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How the Golden Globes TV Battlefield Erupts as Contenders Aim for ‘Maisel’-Like Bump

While Oscar pundits were busy on Thursday morning dissecting what the Golden Globe nominations might mean for the Academy Awards, small screen execs were just as eager to see what might be the next show to get “The Marvelous Mrs. Maisel” bump.

“Maisel,” of course, is the critically acclaimed Amazon Studios series starring Rachel Brosnahan as a 1950s New York housewife who discovers her skill in standup comedy. The show’s first season debuted last year on November 29. Less than two weeks later, it had already been nominated in two key Globes categories: musical or comedy series and comedy actress (for Brosnahan).

Five weeks after that, “Maisel” surprised many by winning both categories — setting the show up for an Emmy campaign. “Maisel” went to win eight total Emmys — including top prizes for the show and its star.

“Something like ‘Maisel’ needed attention early on,” says one awards publicist who wished not to be named, as they work on competing projects. “That Globe win propelled that show in a way nothing else could have.”

Because of its timing, the Hollywood Foreign Press Assn. has often been able to award new shows ahead of the Primetime Emmys. And its small membership — around 90 journalists — means that the HFPA can also quickly turn on a dime, rewarding new shows and excising aging shows that have already won, or are a little long in the tooth (a frequent criticism of the Emmys, which often gets stuck in a streak, awarding the same winners year after year).

This year, the HFPA appeared ready to double down on the new, as previous winners such as “The Handmaid’s Tale” and “This Is Us” star Sterling K. Brown were pushed aside for freshman programs including “Homecoming,” “The Kominsky Method,” “Bodyguard,” “Escape at Dannemora,” “Kidding” and “Pose.”

Awards consultant Rich Licata calls the TV awards landscape a “battlefield,” now that Peak TV has made it more difficult than ever to break through.

“I think the streaming services have really upped the ante in the Golden Globe game. And for awards seekers who are desperate for any attention that will catapult their show into the zeitgeist, they are using the Golden Globes as a vessel to get there,” he says.

One analyst notes that, in the world of TV awards, the Golden Globes and various guild kudos (most notably, the SAG Awards) are considered the long runway to Emmy campaign season. And they’re not far off, as Emmy For Your Consideration events creep into late February.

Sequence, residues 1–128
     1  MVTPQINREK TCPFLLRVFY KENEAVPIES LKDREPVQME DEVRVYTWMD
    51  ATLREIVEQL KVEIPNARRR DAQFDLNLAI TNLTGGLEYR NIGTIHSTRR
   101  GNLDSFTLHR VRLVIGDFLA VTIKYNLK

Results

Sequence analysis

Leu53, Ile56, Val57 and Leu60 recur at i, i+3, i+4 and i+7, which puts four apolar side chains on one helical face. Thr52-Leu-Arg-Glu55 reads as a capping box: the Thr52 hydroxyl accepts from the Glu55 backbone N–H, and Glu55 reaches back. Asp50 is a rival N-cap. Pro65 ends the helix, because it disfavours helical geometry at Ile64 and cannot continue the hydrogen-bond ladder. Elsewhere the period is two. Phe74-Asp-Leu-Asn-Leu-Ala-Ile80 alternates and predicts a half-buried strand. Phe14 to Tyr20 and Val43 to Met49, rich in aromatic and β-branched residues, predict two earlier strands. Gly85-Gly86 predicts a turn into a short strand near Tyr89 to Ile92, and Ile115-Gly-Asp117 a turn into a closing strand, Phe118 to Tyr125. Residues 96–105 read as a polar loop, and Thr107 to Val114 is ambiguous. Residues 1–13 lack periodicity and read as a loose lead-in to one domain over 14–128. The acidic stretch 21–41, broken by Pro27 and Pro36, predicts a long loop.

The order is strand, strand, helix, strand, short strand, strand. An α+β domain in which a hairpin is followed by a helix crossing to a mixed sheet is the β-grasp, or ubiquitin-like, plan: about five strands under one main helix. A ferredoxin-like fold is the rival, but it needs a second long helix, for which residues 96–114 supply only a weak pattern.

“People looking at awards season as a year-round thing see those early awards as something you can use to either reintroduce a show once campaign season heats up, or gain early attention for a show so that you have an advantage when you start the hard work of an Emmy campaign,” one observer says.

No one has the exact count, but from a purely anecdotal standpoint, there has been a rise in TV For Your Consideration ads — traditionally seen during Emmy season — during the film awards cycle. “I’ve seen so many billboards,” says one awards consultant. “I’ve even seen a For Your Consideration commercial on TV. I can’t remember seeing a ton of specific TV FYC this time of year.

Perhaps the clearest sign that TV networks and studios are paying more attention to Hollywood Foreign Press Assn. members (and guild nominating committees): The return of the holiday party, but with a twist: Networks and studios are starting to ring in the season by early November, in order to double down and use those celebrations as subtle FYC events. NBCUniversal’s cable networks threw a holiday kick-off on Nov. 8, inviting press — and HFPA members — to mingle with producers and stars of awards contenders like Bravo’s “Dirty John.” The following week, YouTube, NBC, Hulu and Netflix also threw bashes — with talent out in full force.

For many of those stars, the handshakes and photos with voters paid off: Connie Britton, who stars in “Dirty John,” was a popular guest at the NBCU cable party, for example, and now she has a Globe nomination for limited series/tv movie actress.

“It’s a way to capture them when they’re all in one place,” says one awards pundit, who notes that the foreign press frequently travel and aren’t all U.S.-based. But much of the membership is in L.A. in November to catch Oscar screenings and FYC events.

“You try to plan things around where the highest concentration of them will be here,” a campaigner says. “Holiday parties, if they’re in and around LA, you’ll get a large number of them to come. And you can kill two birds with one stone. It’s a warm and fuzzy environment for them to meet the people in your series.”

The Globes may even hold more importance in television now than in film. While the road to the Oscars is paved with countless film festivals, critics association events and crafts awards, there isn’t much of a similar path for TV.

“The film business has all those festivals that shepherd it into awards season,” Licata says. “You have Cannes, you have Venice, you have Toronto, the New York Film Festival, to build up a beachhead. With TV, Golden Globes is the first stop. You have an environment of 500 original shows and people are like, how do I get in? That’s where you see all the spending, all the parties, all the ads. We’re at a point where it’s very difficult to get attention for a TV show unless you launch with rhapsodic reviews. And suddenly you’re in the zeitgeist.”

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